Between the Acts: Remembering War during the Interwar Period

By Calvin Liu, Gale Ambassador at the University of Oxford
I am a second year English student at University College, Oxford – and the Gale Ambassador for Oxford University. I am a huge lover of everything Romantic and Modernist – from Wordsworth to Woolf. When I am not in the depths of an essay crisis, I spend my time collecting fountain pens and looking at old books. Born and raised in Hong Kong, I am still getting to grips with the English weather and am partial to punting picnics on a rare sunny day. 

Remembrance is repetition.

As Laurence Binyon’s poem, often the highlight of memorial services, puts it: ‘They shall grow not old, as we that are left grow old:/ […]/ We will remember them.’ Ways of memorialising the world wars, too, seem never to grow old and are reinforced through recurrence. Remembrance is ritualised by each poppy-wearing politician, each BBC documentary, each Ian McEwan novel. The narratives have been retold so many times that they grow hazy and the details blend together – battle trenches upon Maginot Lines. It almost comes as a shock to be reminded that twenty-one years elapsed between the two world wars that we now jointly remember on one day. Twenty-one years during which the world regularly reminded itself of the last great war, before rushing into another. Gale Primary Sources provides a plethora of primary sources that poignantly illustrate how the world wars were both remembered and anticipated during the interwar period.

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A Centenary Celebration for Stonehenge

On 31st October 1918, Stonehenge was gifted to the nation by local landowner Cecil Chubb. As has been widely reported in the media, English Heritage are running a series of projects and events to celebrate the centenary, including the fascinating recreation of photographs taken by visitors to the stones during the ‘50s, ‘60s and ‘70s in their ‘Then and Now’ Project.

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“U.S. Disavows Apology, Then Signs It” The Pueblo Incident of 1968

“If you fancy a long weekend with a difference,” writes The Times’ travel section of 18 February 2006, “Regent Travel has a five-day break to Pyongyang, North Korea’s highly planned capital”. The article then mentions, as one of the highlights of the tour, that “You’ll also get to board USS Pueblo, the U.S. spy ship captured in 1968.”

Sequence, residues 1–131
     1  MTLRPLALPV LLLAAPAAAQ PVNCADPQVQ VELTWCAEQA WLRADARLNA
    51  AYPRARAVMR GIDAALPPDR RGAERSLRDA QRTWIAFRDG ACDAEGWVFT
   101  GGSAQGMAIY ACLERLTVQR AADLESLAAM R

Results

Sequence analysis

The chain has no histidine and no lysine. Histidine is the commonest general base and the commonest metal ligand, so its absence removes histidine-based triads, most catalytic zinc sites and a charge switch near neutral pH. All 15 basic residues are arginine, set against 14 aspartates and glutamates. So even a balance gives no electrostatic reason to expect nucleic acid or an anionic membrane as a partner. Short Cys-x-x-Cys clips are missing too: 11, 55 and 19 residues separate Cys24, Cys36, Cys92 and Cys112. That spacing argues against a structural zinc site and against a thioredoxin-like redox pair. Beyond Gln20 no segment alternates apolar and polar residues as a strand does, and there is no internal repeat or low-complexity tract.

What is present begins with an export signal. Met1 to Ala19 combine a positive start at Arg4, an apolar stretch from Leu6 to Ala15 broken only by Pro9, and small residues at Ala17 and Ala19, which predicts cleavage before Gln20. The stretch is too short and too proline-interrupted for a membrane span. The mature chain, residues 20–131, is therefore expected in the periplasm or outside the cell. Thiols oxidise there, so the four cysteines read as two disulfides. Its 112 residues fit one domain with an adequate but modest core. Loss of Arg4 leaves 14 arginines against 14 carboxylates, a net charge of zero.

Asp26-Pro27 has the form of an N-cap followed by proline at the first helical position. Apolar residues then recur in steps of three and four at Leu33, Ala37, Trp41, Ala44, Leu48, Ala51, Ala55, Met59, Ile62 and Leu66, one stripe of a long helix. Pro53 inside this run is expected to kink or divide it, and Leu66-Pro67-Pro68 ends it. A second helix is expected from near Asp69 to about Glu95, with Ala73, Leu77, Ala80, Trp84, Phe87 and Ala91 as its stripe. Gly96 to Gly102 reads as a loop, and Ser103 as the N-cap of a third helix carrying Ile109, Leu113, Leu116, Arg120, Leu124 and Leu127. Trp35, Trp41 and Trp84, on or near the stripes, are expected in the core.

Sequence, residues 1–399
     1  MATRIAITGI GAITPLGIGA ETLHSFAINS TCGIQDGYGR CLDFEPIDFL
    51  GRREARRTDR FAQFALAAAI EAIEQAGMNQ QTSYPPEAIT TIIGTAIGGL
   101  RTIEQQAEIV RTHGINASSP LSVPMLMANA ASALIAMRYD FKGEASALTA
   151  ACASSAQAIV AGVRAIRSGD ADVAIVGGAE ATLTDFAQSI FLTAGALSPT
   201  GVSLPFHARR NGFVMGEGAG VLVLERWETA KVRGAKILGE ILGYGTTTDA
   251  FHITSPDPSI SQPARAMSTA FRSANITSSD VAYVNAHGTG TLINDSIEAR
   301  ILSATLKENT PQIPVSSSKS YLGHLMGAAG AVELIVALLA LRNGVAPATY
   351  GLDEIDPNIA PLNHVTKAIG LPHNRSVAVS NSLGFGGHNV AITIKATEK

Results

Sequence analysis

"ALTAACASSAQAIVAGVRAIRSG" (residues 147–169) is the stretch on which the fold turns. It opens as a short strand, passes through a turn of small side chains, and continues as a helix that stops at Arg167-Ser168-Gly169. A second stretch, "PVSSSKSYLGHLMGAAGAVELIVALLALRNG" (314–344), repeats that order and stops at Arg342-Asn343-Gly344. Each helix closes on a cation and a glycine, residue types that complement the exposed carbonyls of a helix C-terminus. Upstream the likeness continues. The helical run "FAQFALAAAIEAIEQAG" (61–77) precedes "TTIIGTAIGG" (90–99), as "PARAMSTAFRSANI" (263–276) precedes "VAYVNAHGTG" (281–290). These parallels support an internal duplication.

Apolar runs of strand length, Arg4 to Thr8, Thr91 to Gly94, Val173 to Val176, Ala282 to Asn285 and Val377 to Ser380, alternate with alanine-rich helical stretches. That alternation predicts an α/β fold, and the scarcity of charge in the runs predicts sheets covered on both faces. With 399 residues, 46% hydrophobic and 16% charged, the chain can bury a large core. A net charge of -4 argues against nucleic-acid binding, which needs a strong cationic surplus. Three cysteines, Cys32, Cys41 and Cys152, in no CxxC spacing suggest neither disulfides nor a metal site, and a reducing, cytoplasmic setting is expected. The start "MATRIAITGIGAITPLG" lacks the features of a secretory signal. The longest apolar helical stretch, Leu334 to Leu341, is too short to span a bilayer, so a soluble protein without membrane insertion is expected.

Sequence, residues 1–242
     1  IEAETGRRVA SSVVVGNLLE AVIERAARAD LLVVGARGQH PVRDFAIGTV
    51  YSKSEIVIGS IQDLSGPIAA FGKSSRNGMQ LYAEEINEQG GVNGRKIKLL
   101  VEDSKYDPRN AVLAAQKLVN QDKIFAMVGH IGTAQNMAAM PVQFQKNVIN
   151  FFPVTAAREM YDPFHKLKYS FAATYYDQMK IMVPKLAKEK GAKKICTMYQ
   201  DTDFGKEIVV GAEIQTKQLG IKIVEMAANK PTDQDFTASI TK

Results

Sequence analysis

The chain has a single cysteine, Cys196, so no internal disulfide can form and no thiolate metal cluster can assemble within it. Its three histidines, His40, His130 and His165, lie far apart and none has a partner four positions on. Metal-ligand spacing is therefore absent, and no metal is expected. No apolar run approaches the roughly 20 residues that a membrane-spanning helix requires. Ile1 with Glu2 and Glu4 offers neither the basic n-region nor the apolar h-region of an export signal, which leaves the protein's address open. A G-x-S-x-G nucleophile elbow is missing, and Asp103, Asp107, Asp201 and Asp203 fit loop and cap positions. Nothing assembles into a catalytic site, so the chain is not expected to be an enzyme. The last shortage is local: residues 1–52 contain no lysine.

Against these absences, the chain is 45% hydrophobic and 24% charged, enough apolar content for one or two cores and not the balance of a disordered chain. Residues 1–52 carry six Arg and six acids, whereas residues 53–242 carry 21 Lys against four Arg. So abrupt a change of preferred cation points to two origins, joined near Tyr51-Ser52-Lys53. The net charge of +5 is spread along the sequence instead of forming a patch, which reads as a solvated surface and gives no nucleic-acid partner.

Read more“U.S. Disavows Apology, Then Signs It” The Pueblo Incident of 1968

Indigenous populations: exploring early encounters, subjugation and protection in Gale Primary Sources

By Carolyn Beckford, Gale Product Trainer
Carolyn joined Gale in 2015 after working in US higher education. She likes working for Gale because it’s an opportunity to stay connected to higher education and support faculty and students with quality research content. When not visiting university libraries or delving into the Gale archives, she likes playing tennis and visiting historic English castles and estates.

Today is International Day of the World’s Indigenous People. This was first put forward by the General Assembly of the United Nations in 1994, and came as result of a commission designed to promote and protect Human Rights. Now, on 9th August, the world works to remember, recognise and respect the rights of indigenous populations and celebrate their achievements and contributions.

Read moreIndigenous populations: exploring early encounters, subjugation and protection in Gale Primary Sources

“There is no other remedy”: The Argument for Free Trade in the First Issue of The Economist

1843 saw some significant events in world history: Hong Kong was proclaimed a British Crown colony, the amusement park at the Tivoli Gardens opened in Copenhagen (currently the second oldest in the world!), and The Economist published its first issue. This August is the 175th anniversary of The Economist, so it seemed a good opportunity to look back at that first issue.

Read more“There is no other remedy”: The Argument for Free Trade in the First Issue of The Economist

Happy 75th Birthday Mick Jagger!